Take on your enemy
There are plenty of times in Knockout City where running is critical; grabbing a loose ball and competing to keep teammates afloat are just two examples. But one time you don’t want to run around much is when an enemy has your sights on you. If so, your screen will be filled with a red frame and the charge ball will show itself as a protrusion from that frame, moving relative to your attacker’s positioning.
Always look to your enemy when this happens. It means you may have to kick backwards or to the left or right, which will cause you to lose some speed, but you won’t be able to catch the ball if it hits you in the butt. It is extremely important to face them head on.
watch your corners
Knockout City can often feel hectic, but like some of the other tips in this guide, we want to remind you to slow down once in a while. If you go around the corner, you might end up with a problem you can’t solve, and while most players don’t necessarily play the corners, you should. When an enemy gives chase, or may not even know you’re lurking, manipulate the camera so you can spot them coming before they reach you.
This can help you land what is basically a stealth attack, with them walking right into your well placed trap. For an equally stealthy move, stalk a player from a height advantage and only lock him in when you jump down, like a dodgeball-wielding Batman.
If you quickly change your lock-on target, you can overwhelm players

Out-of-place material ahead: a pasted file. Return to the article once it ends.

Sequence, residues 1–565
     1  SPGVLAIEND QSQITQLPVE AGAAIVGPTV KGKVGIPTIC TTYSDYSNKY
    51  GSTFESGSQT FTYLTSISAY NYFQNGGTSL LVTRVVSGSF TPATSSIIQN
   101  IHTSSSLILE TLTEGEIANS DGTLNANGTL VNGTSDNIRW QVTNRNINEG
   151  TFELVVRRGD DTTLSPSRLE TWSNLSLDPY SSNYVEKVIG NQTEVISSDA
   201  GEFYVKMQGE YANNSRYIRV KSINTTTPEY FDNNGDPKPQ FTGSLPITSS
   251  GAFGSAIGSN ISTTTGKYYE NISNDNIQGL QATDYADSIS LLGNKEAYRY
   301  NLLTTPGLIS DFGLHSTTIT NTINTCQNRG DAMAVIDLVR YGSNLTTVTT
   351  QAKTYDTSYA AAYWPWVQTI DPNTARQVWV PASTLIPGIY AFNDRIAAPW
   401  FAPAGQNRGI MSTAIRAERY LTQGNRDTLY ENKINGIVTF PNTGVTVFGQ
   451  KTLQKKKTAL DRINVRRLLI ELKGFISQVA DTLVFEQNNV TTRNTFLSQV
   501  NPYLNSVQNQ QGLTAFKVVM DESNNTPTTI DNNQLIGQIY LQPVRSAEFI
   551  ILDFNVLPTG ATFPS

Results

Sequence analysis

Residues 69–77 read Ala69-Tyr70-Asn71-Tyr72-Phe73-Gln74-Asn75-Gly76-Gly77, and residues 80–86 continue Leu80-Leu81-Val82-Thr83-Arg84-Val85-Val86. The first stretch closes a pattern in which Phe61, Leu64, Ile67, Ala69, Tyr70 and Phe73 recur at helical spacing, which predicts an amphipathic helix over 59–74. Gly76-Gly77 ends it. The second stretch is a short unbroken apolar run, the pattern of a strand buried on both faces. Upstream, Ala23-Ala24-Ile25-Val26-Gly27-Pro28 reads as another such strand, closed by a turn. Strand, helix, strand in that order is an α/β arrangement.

One of our favorite tactics is the quick lock-on change you can perform when charging a ball. If you’re facing multiple enemies, the one you’re stuck with will have that aforementioned red box on their screen, but if you quickly move the lock-on targeting to another player and then throw it at full speed, the lack of a warning can often be unstoppable. Players are preoccupied with who’s aiming for them, so if you don’t tip your hand until the last second, they’ll take a dodge ball right in front of them.
Luring players into foolish decisions is surprisingly effective
Perhaps the most satisfying thing to do in Knockout City is to jump over someone’s dodge and have them bang their heads on the environment. Like a matador, you can easily lure them into this by using the taunt button (on top of the D-pad). Many players will seem enraged or determined to hit you even without a ball. Making them snort and crash into a wall — or better yet, dash off the map — is a dastardly, funny way to score a point for your team. I’ve noticed that the longer a player goes without taking revenge, the worse his tunnel vision gets.
Jumping is almost always better than sliding
You can often spot a new player as they will slide across the map. What would normally be the double jump button (A+A on an Xbox controller, for example) actually deploys your glider in KOC. This is useful if you want to close a dangerous hole on one of the deck’s cards, but that’s about the only time you need to slide. Sliding is slow and makes you vulnerable, while spin or flip jumping can be done as many times as the distance between your feet and the ground below allows. Any gap that can be closed without slipping should be closed that way.